Level 3. Has own place to sit. Area not shared by others (exception for temporal sharing for receptionist; even if temporally shared is emphatically this employee's space - woe betide any who re-arrange contents of drawers or steal pens). Common locations include private cubes, large double cubes. May also be found in shared offices. Likely to be in single office only if small, lacking in door, or otherwise unsuitable for higher-level employee (exception for Attack Secretary for level 5 employee). Has own computer; monitor may be visible or screened from passers-by.

Level 4: In office, possibly private but likely shared. May have window. Monitor likely screened from passers-by; likely to be seated facing door. Door open unless privacy needed for phone or personal conversation.

Level 5. In solo office. If there are any windows in the building, there's one here. Sits facing door; monitor screened. May not have passers-by. Advanced level 5 will be found in inner office of nested system, guarded by level 3 or better Attack Secretary. Door may be closed even if no conversation is being conducted.
rachel2205
Sep. 4th, 2003 03:04 am (UTC)
Re: Addendum: where they can be found
Good points! I shift and sit where I can. I generally get the desk of whoever is on leave :) And I always feel overlooked on the computer...
mollyringle
Sep. 4th, 2003 11:49 am (UTC)
Re: Addendum: where they can be found
Exactly! You've nailed it. I keep getting shunted from vacant desk to vacant desk here, depending on who's away. They have to page me over the intercom to find me. Ugh.

"Attack Secretary"...heheh.
rachel2205
Sep. 4th, 2003 01:24 am (UTC)
I do level 2 work but get paid as level 1 :/ Oh well! Good observations, Molly m'dear.
mollyringle
Sep. 4th, 2003 11:51 am (UTC)
Underappreciated and overeducated workers of the world unite! :)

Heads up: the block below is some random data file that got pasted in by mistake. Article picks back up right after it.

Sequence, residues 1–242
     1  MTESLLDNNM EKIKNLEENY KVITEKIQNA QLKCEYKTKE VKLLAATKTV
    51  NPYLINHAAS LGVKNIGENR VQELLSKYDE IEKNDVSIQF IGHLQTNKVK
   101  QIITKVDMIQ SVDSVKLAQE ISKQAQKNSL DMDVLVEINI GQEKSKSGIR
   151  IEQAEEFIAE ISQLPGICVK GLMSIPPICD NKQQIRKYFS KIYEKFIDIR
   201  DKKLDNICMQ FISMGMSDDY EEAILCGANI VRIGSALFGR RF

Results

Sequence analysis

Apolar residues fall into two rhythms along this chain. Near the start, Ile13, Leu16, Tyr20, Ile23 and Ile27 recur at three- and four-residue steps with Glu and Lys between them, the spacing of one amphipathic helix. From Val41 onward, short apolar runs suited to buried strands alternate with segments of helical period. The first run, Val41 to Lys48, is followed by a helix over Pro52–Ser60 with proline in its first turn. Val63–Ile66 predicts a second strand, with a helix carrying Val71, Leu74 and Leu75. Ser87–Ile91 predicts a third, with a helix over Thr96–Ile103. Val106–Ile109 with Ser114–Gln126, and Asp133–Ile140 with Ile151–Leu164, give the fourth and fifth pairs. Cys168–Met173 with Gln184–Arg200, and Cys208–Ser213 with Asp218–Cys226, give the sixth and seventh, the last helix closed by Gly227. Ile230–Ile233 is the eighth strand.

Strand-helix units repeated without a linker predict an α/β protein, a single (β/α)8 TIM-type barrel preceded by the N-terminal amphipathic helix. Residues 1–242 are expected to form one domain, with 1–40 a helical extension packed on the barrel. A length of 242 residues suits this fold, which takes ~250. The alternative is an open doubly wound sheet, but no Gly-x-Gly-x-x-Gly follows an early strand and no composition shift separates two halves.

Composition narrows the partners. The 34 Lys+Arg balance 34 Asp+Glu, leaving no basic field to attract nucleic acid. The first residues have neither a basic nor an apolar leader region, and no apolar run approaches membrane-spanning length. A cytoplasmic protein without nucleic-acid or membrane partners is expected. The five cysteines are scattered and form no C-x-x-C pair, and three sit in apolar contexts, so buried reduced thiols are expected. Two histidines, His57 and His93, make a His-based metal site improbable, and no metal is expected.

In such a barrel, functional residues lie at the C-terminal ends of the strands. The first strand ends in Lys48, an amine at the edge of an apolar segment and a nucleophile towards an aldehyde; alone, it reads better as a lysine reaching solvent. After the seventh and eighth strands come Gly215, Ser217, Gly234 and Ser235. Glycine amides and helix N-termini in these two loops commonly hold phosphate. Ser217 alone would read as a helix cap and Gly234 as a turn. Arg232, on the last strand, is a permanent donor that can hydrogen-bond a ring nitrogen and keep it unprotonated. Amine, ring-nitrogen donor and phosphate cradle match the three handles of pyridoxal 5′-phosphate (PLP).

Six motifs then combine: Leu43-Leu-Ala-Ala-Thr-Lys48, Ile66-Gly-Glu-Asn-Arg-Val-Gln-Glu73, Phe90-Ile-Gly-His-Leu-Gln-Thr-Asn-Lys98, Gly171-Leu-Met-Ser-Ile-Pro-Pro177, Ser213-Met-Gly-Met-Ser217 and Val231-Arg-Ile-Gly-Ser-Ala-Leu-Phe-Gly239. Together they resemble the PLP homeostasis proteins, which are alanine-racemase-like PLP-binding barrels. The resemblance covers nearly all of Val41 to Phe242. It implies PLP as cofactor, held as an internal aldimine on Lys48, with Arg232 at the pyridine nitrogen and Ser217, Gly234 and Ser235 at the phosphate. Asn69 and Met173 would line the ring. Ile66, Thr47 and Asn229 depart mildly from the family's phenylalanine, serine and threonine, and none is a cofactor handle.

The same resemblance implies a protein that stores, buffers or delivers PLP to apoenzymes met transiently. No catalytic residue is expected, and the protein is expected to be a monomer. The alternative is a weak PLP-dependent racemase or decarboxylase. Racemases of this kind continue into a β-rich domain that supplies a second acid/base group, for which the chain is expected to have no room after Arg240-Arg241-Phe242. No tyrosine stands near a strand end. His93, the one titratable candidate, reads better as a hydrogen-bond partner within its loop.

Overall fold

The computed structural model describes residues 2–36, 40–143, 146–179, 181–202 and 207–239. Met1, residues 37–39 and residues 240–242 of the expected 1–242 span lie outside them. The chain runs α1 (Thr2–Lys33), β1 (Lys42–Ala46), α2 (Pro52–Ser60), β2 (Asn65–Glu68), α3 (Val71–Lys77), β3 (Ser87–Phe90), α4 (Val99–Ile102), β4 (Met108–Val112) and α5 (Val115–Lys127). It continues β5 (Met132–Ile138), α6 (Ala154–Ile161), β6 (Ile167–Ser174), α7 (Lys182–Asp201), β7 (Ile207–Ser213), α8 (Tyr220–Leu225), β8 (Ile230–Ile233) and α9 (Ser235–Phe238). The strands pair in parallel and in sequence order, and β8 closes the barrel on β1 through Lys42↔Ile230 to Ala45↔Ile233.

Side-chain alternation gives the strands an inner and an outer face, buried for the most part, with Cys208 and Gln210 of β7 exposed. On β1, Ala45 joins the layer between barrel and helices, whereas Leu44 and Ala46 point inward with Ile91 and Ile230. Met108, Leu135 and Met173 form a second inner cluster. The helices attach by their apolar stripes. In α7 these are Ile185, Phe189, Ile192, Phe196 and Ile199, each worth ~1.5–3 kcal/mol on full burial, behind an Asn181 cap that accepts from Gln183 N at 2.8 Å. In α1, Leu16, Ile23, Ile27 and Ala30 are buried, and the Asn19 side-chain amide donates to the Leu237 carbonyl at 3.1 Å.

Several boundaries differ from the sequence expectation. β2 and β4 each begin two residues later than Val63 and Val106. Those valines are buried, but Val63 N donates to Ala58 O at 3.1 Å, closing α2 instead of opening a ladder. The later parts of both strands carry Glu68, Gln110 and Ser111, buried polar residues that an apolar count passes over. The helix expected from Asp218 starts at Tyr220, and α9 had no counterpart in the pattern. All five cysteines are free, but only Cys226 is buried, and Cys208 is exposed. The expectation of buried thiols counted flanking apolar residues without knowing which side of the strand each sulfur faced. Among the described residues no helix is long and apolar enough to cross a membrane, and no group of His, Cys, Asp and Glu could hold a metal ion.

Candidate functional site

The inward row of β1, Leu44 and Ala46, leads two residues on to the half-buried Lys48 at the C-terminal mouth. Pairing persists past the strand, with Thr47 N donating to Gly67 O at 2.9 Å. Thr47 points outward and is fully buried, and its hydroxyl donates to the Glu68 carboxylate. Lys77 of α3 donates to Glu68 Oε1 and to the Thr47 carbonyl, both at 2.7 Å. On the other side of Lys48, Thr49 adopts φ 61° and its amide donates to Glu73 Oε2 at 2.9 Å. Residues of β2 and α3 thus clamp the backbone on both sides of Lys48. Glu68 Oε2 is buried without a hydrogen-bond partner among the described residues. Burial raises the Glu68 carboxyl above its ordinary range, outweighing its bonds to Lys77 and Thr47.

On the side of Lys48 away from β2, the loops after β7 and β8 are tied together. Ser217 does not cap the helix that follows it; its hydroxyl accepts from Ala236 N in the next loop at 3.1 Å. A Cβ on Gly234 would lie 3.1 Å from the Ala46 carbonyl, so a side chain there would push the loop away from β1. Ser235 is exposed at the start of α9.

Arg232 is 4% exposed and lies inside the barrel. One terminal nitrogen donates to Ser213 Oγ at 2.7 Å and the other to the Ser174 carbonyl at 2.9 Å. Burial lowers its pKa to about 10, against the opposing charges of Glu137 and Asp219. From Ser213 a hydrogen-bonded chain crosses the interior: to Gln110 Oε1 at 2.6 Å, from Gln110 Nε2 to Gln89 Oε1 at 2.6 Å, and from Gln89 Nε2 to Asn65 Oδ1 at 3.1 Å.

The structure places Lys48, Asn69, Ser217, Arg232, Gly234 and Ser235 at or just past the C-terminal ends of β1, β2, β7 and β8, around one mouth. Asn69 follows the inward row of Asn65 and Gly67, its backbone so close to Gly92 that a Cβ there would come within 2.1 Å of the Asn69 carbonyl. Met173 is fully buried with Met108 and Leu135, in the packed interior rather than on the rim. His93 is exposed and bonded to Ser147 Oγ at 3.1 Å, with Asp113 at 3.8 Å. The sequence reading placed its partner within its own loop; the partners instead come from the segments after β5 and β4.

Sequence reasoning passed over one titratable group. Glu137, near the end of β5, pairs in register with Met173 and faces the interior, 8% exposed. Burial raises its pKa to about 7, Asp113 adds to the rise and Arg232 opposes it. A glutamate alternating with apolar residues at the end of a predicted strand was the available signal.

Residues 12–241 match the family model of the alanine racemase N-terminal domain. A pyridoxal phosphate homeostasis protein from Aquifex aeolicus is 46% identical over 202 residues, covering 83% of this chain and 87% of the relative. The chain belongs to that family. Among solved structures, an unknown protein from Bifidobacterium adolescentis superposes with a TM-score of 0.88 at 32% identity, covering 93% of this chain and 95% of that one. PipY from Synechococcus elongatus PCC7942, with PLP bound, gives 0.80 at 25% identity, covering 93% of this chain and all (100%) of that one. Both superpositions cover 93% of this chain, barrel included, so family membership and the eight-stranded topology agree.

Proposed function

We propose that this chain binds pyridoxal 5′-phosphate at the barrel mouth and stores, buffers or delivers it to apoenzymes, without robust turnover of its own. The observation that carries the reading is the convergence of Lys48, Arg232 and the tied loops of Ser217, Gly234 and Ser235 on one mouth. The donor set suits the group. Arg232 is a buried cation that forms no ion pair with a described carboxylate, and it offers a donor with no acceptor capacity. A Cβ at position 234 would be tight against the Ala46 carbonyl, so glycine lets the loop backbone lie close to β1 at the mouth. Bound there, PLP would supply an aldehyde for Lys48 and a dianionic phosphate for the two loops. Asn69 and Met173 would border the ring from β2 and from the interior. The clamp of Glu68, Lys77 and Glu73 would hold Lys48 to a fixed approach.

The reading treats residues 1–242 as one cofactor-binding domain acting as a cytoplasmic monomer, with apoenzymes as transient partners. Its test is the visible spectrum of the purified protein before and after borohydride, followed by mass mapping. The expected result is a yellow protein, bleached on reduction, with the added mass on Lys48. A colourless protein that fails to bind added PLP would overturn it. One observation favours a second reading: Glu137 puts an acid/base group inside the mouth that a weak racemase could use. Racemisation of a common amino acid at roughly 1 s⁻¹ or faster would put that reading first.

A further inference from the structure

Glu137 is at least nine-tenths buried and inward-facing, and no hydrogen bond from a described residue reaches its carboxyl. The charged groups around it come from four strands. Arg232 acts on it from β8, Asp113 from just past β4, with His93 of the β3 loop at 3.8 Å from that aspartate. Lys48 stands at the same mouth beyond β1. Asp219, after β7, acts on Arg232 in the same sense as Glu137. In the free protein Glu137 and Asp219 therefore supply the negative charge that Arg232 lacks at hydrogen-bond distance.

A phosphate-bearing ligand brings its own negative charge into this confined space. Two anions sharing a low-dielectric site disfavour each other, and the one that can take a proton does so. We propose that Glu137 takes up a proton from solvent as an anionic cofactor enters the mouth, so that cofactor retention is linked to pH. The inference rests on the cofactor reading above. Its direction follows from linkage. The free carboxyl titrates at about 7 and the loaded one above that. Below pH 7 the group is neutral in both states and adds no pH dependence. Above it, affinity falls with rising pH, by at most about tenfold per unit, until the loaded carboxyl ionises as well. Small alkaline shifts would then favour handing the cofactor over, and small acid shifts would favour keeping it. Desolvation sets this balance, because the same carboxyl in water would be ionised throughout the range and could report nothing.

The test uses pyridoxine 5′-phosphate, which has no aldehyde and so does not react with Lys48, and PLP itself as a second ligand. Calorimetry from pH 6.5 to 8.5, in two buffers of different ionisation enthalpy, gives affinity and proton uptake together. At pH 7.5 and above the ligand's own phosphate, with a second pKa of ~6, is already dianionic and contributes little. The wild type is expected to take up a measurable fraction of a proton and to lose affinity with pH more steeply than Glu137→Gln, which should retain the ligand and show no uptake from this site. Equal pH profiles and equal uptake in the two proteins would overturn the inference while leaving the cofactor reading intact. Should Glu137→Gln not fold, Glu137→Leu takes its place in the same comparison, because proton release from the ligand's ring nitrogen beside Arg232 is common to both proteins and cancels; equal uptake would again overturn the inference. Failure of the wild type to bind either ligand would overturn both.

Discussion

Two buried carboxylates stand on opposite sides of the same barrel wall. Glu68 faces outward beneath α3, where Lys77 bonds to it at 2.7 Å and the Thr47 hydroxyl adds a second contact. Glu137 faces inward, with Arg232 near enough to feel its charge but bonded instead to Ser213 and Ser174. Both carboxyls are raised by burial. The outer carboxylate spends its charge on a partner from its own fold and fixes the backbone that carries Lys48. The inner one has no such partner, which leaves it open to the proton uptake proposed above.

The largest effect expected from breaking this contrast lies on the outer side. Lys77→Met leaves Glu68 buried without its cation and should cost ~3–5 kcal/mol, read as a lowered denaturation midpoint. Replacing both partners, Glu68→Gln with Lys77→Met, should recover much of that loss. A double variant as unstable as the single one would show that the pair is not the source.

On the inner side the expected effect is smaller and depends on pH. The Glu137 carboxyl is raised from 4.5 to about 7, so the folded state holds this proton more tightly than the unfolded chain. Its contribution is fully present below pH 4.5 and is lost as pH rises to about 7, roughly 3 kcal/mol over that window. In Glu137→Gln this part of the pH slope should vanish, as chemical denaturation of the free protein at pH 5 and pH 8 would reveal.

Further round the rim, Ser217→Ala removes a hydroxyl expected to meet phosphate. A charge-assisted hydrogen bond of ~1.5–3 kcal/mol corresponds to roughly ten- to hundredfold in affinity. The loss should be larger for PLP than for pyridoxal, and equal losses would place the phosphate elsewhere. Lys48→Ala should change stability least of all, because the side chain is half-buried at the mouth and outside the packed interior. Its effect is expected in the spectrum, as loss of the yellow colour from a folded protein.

Glad to hear the system applies in the UK, as well...heh.
matttt
Sep. 4th, 2003 12:11 pm (UTC)
Bollocks do you get paid as level 1! :-P
rachel2205
Sep. 9th, 2003 11:32 am (UTC)
For office work I do! I'm paid standard AA rate, as any Londoner could tell you :P
matttt
Sep. 10th, 2003 12:56 pm (UTC)
But you're on over double the minimum wage and thus cannot be remunerated at level 1. :-P Or even level 2, come to think of it....
rachel2205
Sep. 12th, 2003 04:12 am (UTC)
Matt, listen to me. People in offices in London do not get paid minimum wage. No one would do office work for under £6.50 an hour in central London, £5+ in outer. And since we weren't talking of shops and warehouses, I am on the lowest grade for central London, which is emphasised by my rank - the lowest in administration. So ner.
ilanalynn
Sep. 4th, 2003 05:50 am (UTC)
Level 3, without the coffee-bringing. But I am called upon to field questions, calls and visitors when my boss is away getting her own damn coffee. :)
mollyringle
Sep. 4th, 2003 11:52 am (UTC)
Yeah, I wasn't entirely sure where to put receptionists and others who do similar tasks, but I'm thinking level 3. In which case I have occasional hours of Level-3-hood. Woohoo!
lordreaibn
Sep. 4th, 2003 07:44 am (UTC)
I have been level three for years now... 'yay' customer support... hehe
mollyringle
Sep. 4th, 2003 11:52 am (UTC)
As long as you occasionally get to delegate tasks. That shows you're not too low on the food chain. :)
radiofreecarbon
Sep. 4th, 2003 09:47 am (UTC)
That's good! I especially liked the pre-opened versus sealed mail distinction.

We may need to add a correction factor for the size of business (e.g., small <20 employees, medium 20-100, large 100-500, huge >500) in the formulation of the Official Index of Workplace Importance (OIWI).

At my old job (at a small business) I was hired at level 1, but within 6 months was hovering around level 4. Not necessarily because I was that good, but there just weren't that many other folks around. I might even postulate that levels 2 & 3 don't exist in small businesses, and that levels are added commensurate with the size of the business.

And I'll imagine that for huge businesses, there are even more levels in the OIWI. Perhaps something like -

Level 6: Uber Suit
If you are in levels 1-3, you are significantly more likely to see L6 personages on the cover of a magazine than in the office. The office of L6 is a multi-room affair with its own support staff. An L2 in the staff of an L6 outranks an L2 in the general office. L6 does not use phone, email, or regular mail for legal reasons. L6 persons only meet with other L6 persons, generally on golf courses or on sail boats.

Okay, fine; it's time for me to find a job-should I use the OIWI in the interview, "Do you see this position as Level 2 or 3?"


( 18 comments — Leave a comment )